April 14, 2019
A Cobra Dance
- as seen by -Samuel Bozeman
The world’s largest venomous snake, the king cobra (Ophiophagus hannah), has a reputation of being a dangerous and aggressive animal yet they are intelligent and have complex behaviors that set them apart from other snakes. Contrary to belief, king cobras do not actively attack humans and have a strong flight response in their native habitats in Asia. However, when cornered, or if something (or someone) is getting too close to their nest, their reputation will be well earned.
Courtship of king cobras involves copious tongue flicking, nudging, and body rubbing. The male will attempt to dominate and impress a female (above) with his large size wrapping around her body in an attempt to convince her that he is a suitable mate to bear offspring. This cobra dance can go on for quite some time before a female allows copulation.
When a female becomes gravid, she builds a nest mound of leaf litter, mosses, twigs, and other loose materials and then deposits about 14 to 49 eggs and covers them. Unlike other snakes, she will stay with her nest defending it from any threat. Eggs are incubated by the decomposition of the material used to build the nest, and the female will stay close until they hatch. Young cobras are completely independent when they hatch, and the female will leave the nest.
The king cobra hatchlings are 12 inches or more in length and have bright yellowish bands down the length of their bodies. This patterning serves as a warning to predators of their deadly venom and begins to fade as the snakes mature. Instinctively, when they hatch, they are able to threat display rearing up the anterior portion of their body and pronouncing their hood. After hatching, these baby snakes disperse into the vegetation and begin a life as specialized snake-eaters.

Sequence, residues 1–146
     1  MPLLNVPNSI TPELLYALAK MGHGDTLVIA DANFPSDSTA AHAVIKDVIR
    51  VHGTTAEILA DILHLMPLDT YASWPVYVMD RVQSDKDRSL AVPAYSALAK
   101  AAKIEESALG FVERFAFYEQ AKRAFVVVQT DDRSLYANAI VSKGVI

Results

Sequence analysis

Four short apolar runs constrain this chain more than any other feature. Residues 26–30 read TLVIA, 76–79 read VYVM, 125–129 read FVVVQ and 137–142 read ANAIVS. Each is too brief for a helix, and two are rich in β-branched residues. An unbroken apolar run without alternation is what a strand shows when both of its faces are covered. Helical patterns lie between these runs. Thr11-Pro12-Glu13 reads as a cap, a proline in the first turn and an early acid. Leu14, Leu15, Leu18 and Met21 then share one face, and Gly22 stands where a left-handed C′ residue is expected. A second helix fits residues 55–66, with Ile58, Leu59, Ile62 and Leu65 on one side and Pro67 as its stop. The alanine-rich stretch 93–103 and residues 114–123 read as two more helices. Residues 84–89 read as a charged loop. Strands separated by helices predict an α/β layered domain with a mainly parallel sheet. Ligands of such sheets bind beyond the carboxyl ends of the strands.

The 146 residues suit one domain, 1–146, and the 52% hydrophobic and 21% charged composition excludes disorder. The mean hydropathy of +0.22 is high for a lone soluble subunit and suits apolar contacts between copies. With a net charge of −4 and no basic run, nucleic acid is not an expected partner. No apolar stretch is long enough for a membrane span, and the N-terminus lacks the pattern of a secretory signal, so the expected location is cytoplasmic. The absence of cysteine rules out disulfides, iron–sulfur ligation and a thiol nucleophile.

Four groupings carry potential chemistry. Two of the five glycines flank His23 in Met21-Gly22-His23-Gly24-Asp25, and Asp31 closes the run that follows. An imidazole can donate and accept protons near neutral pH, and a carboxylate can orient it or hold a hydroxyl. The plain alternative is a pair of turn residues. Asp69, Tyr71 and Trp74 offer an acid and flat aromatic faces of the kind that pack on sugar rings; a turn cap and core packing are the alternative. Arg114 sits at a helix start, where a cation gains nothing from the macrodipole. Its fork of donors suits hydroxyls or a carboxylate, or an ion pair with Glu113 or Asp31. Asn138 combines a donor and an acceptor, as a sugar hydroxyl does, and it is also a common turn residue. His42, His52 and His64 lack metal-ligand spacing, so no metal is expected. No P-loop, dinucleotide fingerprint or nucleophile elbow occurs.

At adult size, these snakes can reach and impressive 12 feet in length, and some individuals have been documented as growing beyond that.
Unfortunately, due to habitat loss, the collection of these animals for their skins, and traditional Chinese medicine, king cobras are listed as Vulnerable in the wild by the IUCN Red List of Threatened Species.
EDITOR’ S NOTE: A story of king cobras was featured on Sunday’s episode of Animal Planet’s THE ZOO now in its third season. The series takes viewers behind the scenes at the Bronx Zoo and the other WCS wildlife parks in New York City to tell powerful, compelling stories of animals and their care givers, and the zoos’ contribution to conserving wildlife around the globe.